Technology has completely revolutionized the way we live and communicate. Unfortunately, ease of communication has a dark side. Cyberbullying has become commonplace, with around half of all children admitting that they have been bullied online. Cyberbullying can cause low self-esteem, depression and, at its worst, suicidal thoughts. 

In 2012, Canadian teenager Amanda Todd, posted a video on YouTube that garnered over 17 million views. In it, she detailed her struggles with self-harm and bullying. A month after she made the video, she hanged herself in her home. She was fifteen.

In today’s technology-driven world, kids have continuous access to one another, creating a platform for relentless teasing. Parents must be more vigilant than ever to ensure their children’s safety and emotional well-being.

Protect Your Child Against Cyberbullying

Parents may feel at a loss in what is still relatively uncharted territory. But being on top of the situation will help keep your child from being a victim – or perpetrator – of online bullying. Here’s what to do.

  1. Stay Involved

The internet is a wonderful tool for studying and connecting with others, but it’s also full of dangers. As a parent, it’s your duty to be actively involved in your child’s internet activity. There are several ways in which to stay involved and be aware of how your child is communicating – align their values with your personal parenting philosophy. For example, you could review your child’s social media activity together once a week, or set blocks on certain websites. At the very least, your children should need your permission before setting up accounts on any website. The more you know about what’s happening online, the better equipped you’ll be to handle potential challenges.

  1. Talk to Your Child About Responsible Internet Use

Each parent sets their own internet rules. But all parents should encourage their children not to create relationships with people they don’t know in real life. There are obvious exceptions to this rule, such as an online pen pal organized through a reputable organization. Teach your children to never accept friend requests from people they don’t know, and to show you any suspicious messaging or activity.

When it comes to posting, teach your children that everything they publish is out there permanently – even with Snapchat. Even if you delete a post, you never know who has taken a screenshot or other measures to share it. Encourage your children to think carefully about what they post and when.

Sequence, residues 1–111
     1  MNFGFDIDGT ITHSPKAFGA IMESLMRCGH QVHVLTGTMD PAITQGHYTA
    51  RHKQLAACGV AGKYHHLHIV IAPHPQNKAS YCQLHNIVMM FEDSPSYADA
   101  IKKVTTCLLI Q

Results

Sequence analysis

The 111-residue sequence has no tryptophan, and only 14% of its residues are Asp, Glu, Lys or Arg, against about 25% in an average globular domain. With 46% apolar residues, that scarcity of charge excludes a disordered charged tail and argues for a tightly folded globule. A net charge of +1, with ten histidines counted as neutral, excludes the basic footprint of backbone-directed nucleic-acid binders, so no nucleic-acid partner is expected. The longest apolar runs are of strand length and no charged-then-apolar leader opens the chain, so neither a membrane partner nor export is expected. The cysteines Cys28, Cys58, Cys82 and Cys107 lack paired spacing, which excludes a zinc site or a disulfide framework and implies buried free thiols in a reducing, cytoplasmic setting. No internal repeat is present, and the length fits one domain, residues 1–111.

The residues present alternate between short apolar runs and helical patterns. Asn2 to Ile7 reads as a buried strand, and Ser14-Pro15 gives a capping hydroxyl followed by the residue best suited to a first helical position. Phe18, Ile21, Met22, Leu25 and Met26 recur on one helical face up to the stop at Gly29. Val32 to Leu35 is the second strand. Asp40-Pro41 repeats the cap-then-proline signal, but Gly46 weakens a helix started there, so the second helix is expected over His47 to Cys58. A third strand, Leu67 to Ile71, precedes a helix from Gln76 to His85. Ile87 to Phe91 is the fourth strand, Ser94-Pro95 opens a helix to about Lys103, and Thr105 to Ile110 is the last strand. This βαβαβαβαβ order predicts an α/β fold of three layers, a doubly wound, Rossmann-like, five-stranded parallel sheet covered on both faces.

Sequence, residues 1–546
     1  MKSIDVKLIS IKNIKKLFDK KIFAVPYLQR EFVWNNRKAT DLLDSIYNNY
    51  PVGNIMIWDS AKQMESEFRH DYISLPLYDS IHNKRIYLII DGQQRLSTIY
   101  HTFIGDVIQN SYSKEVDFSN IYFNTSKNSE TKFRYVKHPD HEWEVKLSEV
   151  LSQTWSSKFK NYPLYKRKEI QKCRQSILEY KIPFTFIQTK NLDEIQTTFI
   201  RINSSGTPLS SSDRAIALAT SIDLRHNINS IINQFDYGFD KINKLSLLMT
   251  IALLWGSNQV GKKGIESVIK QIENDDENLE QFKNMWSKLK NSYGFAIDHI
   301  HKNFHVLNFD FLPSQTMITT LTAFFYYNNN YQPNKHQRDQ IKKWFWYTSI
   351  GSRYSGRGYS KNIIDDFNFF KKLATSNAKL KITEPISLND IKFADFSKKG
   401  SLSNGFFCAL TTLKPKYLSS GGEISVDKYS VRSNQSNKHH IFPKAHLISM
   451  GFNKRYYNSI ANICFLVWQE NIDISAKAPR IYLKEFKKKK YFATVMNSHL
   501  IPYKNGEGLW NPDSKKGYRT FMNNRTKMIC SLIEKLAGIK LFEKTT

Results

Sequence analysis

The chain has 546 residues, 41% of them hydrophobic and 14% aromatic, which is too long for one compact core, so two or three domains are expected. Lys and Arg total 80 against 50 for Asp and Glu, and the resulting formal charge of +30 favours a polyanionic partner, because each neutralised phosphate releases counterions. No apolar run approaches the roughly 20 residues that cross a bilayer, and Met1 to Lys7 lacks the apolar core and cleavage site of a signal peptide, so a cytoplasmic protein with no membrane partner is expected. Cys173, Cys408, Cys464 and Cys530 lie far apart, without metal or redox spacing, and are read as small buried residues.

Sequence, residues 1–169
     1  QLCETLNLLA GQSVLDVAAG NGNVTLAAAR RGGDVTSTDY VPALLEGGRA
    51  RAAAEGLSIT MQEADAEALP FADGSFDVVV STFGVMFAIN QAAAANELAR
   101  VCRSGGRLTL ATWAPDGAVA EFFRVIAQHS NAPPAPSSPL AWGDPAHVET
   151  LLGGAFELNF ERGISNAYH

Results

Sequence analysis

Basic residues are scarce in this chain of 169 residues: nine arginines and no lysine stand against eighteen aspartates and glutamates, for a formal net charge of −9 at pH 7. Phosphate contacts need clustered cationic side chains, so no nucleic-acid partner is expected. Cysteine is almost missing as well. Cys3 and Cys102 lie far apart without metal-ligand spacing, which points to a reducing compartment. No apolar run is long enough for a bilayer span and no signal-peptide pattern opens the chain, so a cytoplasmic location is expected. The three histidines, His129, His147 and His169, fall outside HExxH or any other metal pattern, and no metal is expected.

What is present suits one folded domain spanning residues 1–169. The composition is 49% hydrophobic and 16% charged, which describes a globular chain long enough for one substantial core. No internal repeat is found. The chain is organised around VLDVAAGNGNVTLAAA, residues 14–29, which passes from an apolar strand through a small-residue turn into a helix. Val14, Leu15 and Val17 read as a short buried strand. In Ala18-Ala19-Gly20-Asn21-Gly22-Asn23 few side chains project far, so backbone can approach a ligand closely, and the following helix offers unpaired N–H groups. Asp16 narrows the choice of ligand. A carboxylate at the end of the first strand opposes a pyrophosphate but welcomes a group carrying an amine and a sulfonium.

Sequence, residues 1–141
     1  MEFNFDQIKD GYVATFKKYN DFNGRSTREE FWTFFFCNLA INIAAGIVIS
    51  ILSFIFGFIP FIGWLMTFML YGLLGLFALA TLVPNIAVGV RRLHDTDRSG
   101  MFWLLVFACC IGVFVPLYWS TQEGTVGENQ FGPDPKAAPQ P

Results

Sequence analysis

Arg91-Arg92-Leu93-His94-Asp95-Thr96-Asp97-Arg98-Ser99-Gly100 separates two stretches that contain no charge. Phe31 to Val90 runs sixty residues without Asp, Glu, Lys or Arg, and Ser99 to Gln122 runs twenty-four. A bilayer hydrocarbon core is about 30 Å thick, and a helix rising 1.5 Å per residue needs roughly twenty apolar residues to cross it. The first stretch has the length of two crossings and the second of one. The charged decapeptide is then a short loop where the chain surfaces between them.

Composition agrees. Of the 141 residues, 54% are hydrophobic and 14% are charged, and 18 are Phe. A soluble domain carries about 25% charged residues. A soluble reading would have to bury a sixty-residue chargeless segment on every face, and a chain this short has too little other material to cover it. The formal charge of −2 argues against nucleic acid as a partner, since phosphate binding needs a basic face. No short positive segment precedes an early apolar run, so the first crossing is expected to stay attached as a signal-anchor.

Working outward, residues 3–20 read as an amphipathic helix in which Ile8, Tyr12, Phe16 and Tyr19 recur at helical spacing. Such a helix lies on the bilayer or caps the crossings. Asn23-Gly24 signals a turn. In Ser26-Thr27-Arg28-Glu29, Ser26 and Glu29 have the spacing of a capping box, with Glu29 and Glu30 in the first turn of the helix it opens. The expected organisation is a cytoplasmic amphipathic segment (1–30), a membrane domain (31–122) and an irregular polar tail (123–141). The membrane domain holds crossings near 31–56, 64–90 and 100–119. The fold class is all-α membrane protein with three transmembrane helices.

Here’s an example of an internet-use rule. Before posting, ask yourself: Is it relevant? Is it polite? Is it appropriate? If they can’t answer yes to all three questions, they shouldn’t post it.

  1. Have Access to Your Child’s Phone

This is a tricky one for parents, especially when they want their children to feel autonomous and trusted. But knowing how to check your child’s phone is important in today’s world, especially if you notice behavioral changes in your child. Use your own parenting philosophy to guide how, when, and if you check your child’s messages and apps, but always know how in case the situation warrants it.

  1. Keep Records

If your child tells you about cyberbullying, take immediate action. If the bully attends the same school as your child, talk to a teacher or administrator. Many schools are expanding their cyberbullying policies to include what happens outside of classrooms, but rules vary by state, even by municipality.

If contacting a school isn’t helpful, go to the source and send a certified “cease and desist” letter to the bully’s parents. Include photocopies of evidence, such as text conversations or social media comments. Certifying the letter helps tell the parent’s you’re serious about getting the behavior to stop, and they can be held liable.

Finally, if sending a formal letter doesn’t stop, go to the local police and ask to file a report, and contact an attorney for further guidance.

Posted by admin at 5:12 pm